My Most Beautiful Thing

Today, I’m taking part in the My Most Beautiful Thing Blogsplash, to promote Fiona Robyn‘s newest novel, The Most Beautiful Thing. I’ve been motivated and inspired by Fiona and Kaspa’s work after I discovered a handful of stones last fall, so I’m happy to join in this celebration of Fiona’s work.

To see what other Blogsplashers are writing about, click here for the full list of participants. 

And as a bonus, Fiona is offering up her novel for free download today and tomorrow. What more incentive do you need to get a copy?

So, without further ado, here is my most beautiful thing. 

Last year, my poem “Traversing Houston by Bus” was accepted for the 2012 Texas Poetry Calendar. A few weeks after that, I was talking with Cindy Huyser, one of the Calendar co-editors. She said she liked the poem because it wasn’t “Oh Texas, my Texas.” There was love, but also ambivalence.

I worked on that poem for about three months, and the ambivalence in the poem ended up surprising me. Because, while I frequently say that I don’t like Houston, that was the city where I first felt completely at home in Texas. I’d been in love with Austin before I first even moved here in 2008, but it took about two years before the rest of Texas grew on me.

My dance partner and I were on a party bus in Houston with a group of people from D’Amico Dance, traveling around Houston and doing a west coast swing flash mob in various parts of the city. It was somewhere on the freeway that I felt one of the most profoundly joyful moments of my life. My best friend and I were on this bus with near-strangers, laughing, dancing, and having a great time. That was the moment when Texas–not just Austin–became home, became my most beautiful thing.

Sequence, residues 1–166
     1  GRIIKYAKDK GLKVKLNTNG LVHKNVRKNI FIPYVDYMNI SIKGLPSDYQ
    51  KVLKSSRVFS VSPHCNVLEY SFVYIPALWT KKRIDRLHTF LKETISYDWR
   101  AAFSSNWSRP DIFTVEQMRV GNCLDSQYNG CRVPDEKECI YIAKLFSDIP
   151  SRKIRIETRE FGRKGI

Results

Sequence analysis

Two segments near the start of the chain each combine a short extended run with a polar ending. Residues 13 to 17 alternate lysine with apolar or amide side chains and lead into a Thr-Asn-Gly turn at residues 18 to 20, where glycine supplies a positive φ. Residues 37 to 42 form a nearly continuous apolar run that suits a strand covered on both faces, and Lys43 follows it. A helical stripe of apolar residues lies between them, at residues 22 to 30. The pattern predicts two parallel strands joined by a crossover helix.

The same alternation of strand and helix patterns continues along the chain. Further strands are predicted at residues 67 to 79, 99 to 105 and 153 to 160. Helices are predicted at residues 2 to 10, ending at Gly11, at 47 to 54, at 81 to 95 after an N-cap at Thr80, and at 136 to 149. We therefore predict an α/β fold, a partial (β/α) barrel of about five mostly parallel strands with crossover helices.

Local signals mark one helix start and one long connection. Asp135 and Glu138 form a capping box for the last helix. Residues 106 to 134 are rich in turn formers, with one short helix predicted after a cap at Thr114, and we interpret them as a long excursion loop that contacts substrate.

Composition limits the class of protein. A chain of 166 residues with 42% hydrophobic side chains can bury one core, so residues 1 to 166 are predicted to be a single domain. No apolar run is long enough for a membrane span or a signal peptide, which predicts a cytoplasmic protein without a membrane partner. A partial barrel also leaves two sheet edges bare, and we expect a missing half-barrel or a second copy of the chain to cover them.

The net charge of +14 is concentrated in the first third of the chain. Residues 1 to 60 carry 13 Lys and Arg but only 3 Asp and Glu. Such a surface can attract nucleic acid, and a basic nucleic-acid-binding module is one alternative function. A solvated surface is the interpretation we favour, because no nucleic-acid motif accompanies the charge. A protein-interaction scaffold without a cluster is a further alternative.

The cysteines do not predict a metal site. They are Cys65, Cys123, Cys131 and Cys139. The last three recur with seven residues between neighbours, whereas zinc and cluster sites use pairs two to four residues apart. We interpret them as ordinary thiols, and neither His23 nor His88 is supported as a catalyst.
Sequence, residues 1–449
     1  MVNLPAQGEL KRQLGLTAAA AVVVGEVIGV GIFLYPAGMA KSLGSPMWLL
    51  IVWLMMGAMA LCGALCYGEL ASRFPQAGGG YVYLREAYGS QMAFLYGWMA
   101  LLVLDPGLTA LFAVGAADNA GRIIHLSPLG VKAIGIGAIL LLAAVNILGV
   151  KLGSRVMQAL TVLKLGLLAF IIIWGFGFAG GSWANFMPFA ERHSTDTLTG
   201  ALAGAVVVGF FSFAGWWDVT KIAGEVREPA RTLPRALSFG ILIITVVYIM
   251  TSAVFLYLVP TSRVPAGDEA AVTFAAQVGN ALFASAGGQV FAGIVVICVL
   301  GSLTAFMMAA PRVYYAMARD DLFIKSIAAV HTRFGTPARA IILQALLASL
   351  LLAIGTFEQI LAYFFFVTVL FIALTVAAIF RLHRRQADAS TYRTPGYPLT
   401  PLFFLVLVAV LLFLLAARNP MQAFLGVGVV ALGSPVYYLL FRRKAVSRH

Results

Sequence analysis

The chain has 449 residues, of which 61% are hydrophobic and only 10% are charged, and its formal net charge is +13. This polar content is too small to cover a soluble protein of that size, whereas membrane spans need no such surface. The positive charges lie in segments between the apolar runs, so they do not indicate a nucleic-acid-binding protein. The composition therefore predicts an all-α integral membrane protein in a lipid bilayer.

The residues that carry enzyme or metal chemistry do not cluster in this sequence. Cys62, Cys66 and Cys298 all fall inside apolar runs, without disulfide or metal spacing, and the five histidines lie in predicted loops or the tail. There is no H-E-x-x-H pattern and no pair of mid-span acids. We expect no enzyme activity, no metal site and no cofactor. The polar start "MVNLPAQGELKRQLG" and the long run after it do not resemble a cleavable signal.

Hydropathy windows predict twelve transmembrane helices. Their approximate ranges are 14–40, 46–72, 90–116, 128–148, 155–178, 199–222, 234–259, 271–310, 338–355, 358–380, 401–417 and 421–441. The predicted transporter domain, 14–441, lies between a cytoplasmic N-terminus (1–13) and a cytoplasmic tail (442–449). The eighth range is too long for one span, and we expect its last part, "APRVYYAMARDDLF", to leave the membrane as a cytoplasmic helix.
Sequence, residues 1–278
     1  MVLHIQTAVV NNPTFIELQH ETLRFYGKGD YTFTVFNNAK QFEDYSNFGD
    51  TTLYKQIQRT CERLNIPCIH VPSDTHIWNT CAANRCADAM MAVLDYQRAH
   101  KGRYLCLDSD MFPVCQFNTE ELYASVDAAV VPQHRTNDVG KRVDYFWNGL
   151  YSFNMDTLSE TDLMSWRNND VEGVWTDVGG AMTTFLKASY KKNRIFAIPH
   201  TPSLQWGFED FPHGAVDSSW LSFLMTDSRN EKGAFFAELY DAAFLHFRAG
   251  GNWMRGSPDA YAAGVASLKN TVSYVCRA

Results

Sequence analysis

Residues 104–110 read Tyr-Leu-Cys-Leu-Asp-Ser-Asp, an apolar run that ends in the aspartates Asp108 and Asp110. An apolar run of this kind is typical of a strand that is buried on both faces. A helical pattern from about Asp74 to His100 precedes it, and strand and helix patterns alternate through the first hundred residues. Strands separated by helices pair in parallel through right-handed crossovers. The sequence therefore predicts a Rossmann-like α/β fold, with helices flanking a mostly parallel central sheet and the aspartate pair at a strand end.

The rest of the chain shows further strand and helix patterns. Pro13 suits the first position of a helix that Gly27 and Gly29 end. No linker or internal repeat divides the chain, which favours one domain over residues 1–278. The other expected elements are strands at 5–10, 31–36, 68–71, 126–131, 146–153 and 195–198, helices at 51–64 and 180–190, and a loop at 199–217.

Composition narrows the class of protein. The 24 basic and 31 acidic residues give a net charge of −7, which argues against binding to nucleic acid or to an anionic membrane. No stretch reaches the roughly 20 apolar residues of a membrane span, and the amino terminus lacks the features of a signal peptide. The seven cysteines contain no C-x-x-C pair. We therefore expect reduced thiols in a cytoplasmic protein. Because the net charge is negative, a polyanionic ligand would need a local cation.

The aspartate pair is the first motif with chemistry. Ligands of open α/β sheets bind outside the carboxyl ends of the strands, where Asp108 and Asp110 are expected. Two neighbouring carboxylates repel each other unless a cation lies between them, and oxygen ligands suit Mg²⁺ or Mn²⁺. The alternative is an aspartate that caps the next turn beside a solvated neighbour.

It’s not just Austin and Houston, either. It’s the wineries on 290 leading out to Fredericksburg. It’s Enchanted Rock. It’s the cute bookshops in San Antonio. It’s Marfa, Alpine, Terlingua, Big Bend, Valentine, Marathon, and the rest of West Texas. Since that day on the bus in Houston, I’ve become more invested in Texas. And while I haven’t seen even half of it, I love it more and more each day. Austin will always be my home base, but Texas as a whole inspires me every day.

There are times when I get homesick for Ohio. There are times I ponder moving to Manhattan, Philadelphia, Vancouver, Buenos Aires, Sydney, or any of the other hundreds of cities in the world I might love. But I can’t ever really imagine leaving. Not for very long. And even if I was gone on an extended trip, say 6 months to a year, I would want to know I’d be coming back.

Yes, there are times I’m ambivalent about Texas. It shows up in almost every Texas poem I write. Sometimes, the heat gets too much, even for me (and the warmer, the better for me). And there’s much to dislike about Texas politics. Or the traffic in all of the major cities. Or the fact that even Austin isn’t all that pedestrian- and bicycle-friendly.

But ambivalence does not mean a lack of love. Texas isn’t perfect, but it’s home. I and while I don’t believe in the concept of each writer having a Muse, the state as a whole comes pretty darn close. To me, there’s nothing more beautiful than this.

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